If you could find or make something like this you would have a light weight stiffener to strap on your climbing boot. It might give you more control for skiing yet be removable for climbing.

Edited by Feck

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Might be a good place for folks to chime in with the mods they've used to make skiing in mountaineering boots suck less.

 

I've heard of folks:

 

-Using ski-boot liners in their mountaineering boots.

-Using powerstraps with their mountaineering boots.

-Sticking plastic calf-support thingies in their mountain boots.

-inserting an eye-bolt into the front of their skis and attaching a calf-strap to the said eye-bolt.

-Using some combination of the above.

 

I've never done any of these mods, and if I was going to ski down a volcano, I'd just use AT-Boots on the way up, but I'd be interested in hearing which, if any of these mods folks have found to be effective.

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I use the first three items on my Lowa mountaineering boots. Intuition liners, a power strap, and plastic shin supports taken from my old alpine race boots. It all helps to lever my Silretta 500's and K2's into respectable turns, enough to get down the slopes you mentioned, but that is after 45 years of practice. Regular AT boots with Dynafits are way better for skiing, but the boots are harder to climb in. I would love to see a Dynafit compatable mountaineering boot with an upper cuff that converts for the ski down. What I have now reminds me of the "Stein comps" we used to rivet together to make a decent tele boot back around 1980.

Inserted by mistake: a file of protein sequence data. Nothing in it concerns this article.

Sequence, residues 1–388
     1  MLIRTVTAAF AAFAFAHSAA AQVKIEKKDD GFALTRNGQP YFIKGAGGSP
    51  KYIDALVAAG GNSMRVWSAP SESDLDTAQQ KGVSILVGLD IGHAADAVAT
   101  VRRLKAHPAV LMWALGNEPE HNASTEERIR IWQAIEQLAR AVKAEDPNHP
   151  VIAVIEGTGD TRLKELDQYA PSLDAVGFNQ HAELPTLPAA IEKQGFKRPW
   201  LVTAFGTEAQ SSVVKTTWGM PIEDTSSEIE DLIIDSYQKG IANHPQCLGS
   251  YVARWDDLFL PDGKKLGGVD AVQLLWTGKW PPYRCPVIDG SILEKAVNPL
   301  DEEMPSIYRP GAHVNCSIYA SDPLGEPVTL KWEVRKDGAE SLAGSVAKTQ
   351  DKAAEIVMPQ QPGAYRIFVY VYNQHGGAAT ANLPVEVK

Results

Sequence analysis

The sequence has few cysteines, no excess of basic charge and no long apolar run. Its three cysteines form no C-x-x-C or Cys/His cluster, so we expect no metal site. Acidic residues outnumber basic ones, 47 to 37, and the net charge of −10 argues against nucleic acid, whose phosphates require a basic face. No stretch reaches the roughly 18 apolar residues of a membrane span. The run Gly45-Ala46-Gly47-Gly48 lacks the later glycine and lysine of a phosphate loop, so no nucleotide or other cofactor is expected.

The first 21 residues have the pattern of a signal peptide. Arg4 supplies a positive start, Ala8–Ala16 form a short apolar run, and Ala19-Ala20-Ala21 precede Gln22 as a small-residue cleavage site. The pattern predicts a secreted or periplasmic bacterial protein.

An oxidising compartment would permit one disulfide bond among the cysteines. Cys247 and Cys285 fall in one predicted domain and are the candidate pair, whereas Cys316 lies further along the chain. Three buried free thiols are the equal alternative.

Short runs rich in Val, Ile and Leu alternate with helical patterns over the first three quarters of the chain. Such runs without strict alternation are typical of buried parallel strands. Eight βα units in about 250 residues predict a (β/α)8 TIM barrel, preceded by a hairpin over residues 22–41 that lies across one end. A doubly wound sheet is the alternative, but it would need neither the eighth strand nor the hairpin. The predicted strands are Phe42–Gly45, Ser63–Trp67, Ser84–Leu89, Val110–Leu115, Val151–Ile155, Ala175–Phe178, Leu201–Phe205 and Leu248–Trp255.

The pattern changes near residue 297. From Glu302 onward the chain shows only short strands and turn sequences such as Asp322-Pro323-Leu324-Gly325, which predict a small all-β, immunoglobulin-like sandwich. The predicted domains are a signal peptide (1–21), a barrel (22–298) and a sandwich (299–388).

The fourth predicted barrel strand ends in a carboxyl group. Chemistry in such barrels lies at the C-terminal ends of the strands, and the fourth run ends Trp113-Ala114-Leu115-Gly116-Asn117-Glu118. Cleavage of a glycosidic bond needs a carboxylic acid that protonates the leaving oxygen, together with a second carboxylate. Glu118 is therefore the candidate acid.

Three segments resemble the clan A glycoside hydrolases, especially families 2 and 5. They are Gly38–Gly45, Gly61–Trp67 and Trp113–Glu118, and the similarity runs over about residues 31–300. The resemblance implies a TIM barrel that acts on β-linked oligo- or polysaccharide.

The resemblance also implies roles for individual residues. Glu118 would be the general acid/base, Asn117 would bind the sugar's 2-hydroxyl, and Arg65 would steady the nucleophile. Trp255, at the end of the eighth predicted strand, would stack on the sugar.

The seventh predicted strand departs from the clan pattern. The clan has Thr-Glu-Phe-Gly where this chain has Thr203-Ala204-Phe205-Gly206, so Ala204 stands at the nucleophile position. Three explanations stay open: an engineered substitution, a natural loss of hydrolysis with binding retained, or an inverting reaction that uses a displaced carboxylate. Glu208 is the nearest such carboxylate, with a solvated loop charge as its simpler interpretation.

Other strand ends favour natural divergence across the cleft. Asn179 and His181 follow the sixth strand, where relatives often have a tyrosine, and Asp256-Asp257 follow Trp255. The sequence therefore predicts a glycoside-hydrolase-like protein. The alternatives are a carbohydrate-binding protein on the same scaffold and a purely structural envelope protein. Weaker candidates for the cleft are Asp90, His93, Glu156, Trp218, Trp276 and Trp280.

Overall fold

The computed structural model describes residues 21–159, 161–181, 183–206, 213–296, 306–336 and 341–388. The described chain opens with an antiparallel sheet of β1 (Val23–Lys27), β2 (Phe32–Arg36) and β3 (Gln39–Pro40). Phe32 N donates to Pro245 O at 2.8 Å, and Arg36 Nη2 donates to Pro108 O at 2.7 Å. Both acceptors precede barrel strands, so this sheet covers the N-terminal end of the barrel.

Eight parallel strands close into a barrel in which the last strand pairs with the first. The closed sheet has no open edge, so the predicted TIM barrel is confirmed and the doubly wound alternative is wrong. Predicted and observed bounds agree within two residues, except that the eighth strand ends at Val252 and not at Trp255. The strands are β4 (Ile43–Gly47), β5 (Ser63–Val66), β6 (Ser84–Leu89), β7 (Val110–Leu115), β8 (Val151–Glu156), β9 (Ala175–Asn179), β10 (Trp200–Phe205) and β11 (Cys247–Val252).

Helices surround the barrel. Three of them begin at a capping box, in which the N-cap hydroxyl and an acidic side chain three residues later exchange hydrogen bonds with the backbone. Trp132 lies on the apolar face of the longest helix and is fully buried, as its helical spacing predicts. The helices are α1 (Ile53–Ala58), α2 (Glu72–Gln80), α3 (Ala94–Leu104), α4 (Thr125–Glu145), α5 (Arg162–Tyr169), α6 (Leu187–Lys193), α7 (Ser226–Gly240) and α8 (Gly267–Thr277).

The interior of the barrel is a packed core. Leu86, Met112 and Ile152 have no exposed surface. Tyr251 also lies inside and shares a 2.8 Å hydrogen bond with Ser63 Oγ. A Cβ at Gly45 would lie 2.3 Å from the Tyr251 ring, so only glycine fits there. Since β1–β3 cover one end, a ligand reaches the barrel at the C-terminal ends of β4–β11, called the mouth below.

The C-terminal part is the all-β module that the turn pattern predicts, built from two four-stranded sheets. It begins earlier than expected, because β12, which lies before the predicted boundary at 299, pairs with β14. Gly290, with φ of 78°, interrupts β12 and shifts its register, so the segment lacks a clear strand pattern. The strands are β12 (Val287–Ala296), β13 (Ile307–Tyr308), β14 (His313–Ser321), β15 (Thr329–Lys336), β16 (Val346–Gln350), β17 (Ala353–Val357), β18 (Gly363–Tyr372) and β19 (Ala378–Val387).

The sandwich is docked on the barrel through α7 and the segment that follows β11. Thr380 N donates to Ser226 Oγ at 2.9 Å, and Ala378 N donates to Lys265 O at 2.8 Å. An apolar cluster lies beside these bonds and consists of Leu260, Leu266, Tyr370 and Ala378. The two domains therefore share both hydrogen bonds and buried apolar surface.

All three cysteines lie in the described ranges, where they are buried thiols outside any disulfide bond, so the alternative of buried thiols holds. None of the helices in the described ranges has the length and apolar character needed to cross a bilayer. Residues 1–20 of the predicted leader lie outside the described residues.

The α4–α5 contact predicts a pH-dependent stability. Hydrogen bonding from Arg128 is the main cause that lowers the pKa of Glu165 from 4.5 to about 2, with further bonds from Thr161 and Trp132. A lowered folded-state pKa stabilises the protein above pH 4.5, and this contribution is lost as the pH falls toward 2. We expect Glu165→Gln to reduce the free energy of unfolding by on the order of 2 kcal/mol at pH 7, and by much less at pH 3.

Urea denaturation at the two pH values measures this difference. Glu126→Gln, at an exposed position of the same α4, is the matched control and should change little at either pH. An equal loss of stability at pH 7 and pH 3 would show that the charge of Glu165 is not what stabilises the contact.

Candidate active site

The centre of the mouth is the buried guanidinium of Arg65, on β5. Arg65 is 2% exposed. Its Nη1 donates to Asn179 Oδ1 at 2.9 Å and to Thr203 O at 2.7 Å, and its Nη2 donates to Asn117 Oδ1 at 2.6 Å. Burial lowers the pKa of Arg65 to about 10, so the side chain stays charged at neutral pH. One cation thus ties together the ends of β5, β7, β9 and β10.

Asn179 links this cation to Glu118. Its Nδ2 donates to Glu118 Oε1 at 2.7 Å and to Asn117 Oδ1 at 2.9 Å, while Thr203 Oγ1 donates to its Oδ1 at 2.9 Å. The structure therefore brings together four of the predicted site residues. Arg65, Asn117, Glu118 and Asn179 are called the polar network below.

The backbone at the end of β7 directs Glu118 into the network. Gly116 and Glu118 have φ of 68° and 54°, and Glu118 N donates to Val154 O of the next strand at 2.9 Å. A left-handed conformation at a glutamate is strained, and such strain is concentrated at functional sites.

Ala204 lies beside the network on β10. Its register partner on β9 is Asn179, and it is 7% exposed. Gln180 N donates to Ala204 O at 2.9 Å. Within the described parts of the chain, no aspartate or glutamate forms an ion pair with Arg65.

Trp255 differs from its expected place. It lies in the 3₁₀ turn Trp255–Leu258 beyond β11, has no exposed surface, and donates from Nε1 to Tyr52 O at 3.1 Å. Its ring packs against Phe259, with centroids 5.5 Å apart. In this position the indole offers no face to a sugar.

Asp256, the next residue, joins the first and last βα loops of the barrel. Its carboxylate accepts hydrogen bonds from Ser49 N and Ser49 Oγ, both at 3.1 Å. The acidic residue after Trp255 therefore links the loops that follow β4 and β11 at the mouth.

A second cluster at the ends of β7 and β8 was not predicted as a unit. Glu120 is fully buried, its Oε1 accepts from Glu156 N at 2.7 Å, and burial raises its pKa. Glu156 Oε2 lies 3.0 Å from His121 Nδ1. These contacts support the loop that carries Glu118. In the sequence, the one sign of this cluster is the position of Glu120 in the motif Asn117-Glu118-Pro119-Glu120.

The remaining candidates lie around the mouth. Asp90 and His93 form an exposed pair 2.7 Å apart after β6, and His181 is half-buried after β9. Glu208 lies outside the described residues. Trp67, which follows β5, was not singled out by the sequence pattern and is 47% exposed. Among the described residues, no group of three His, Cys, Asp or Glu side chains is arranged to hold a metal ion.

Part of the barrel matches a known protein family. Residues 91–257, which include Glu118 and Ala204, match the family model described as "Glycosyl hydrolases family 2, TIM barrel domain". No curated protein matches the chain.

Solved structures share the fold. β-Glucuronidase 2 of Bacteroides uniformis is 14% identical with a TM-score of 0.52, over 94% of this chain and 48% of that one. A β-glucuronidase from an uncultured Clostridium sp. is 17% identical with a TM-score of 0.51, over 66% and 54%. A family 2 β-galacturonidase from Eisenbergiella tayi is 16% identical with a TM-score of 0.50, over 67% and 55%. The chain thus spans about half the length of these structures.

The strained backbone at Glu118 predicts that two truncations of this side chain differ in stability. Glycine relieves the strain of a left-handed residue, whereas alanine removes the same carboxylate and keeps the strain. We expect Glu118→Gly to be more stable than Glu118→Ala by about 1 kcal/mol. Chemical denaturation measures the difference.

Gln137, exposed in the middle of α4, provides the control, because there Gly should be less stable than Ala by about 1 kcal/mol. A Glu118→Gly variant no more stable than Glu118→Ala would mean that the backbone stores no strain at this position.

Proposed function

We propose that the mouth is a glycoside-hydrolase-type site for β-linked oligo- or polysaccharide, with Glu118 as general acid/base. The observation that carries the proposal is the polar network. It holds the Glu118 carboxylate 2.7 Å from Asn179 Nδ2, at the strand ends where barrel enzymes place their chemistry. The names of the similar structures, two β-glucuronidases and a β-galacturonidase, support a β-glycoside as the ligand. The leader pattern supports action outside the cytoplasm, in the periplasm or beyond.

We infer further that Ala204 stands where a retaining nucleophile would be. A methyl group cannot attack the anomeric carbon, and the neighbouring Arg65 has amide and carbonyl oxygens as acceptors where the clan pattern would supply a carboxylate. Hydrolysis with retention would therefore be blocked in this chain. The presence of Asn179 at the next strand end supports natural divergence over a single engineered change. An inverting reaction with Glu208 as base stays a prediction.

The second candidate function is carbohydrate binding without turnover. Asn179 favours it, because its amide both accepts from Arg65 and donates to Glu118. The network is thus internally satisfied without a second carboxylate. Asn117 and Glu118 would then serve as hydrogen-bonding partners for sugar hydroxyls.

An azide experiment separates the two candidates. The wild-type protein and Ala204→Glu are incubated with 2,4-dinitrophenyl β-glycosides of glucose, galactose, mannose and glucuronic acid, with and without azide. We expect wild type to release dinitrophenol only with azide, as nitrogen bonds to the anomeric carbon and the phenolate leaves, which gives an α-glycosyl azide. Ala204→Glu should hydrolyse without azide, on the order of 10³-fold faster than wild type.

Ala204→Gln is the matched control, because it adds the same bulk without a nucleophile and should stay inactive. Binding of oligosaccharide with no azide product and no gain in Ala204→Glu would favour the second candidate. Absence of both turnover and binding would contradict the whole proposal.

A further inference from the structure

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I would love to see a Dynafit compatable mountaineering boot with an upper cuff that converts for the ski down.

 

botaMlt4CD.jpg

 

Unfortunately Dynafit doesn't make them anymore. I've only seen them in action once; a pilot was wearing them - he had touched down his plane and skied a couple laps before picking us up and they were still comfy enough for him to wear while flying. I was green with envy!

 

I've never made any mods to my climbing skis. When I'm climbing I want the lightest possible setup and just assume that I'm going to be hating life if I encounter anything less then hero snow on the way down. Currently I choose between Outtabounds with Silvretta 300s or some old She's Piste with 404s depending on the amount of vertical gain I'm facing. If I'm skiing I want fat skis and heavy boots... and Dynafits!

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If I'm skiing I want fat skis and heavy boots... and Dynafits!

 

Exactly :tup:

 

Those boots in the picture look cool!

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I have no idea how you could find this, but there are these things that used to be popular back in the 70s. In the 70s stiff ski boots were the hot new thing. Many people at that time had old ski boots and couldn't spring for a brand new set. As a consequence you could buy a product called a, "jet stick," which was a plastic toe and ankle piece that you could strap on to the front of your boot and give you the feel of a nice stiff boot.

 

If you could find or make something like this you would have a light weight stiffener to strap on your climbing boot. It might give you more control for skiing yet be removable for climbing.

 

Negatory there.

 

The Jet Stick was a simple "spoiler" - like dealey, which went on the back of your boot. I don't know if they really accomplished anything, but they sure looked cool to kids. I guess you could have put them in front of your ankle. If I remember right, the common "Jet Sticks" never attached to the toe.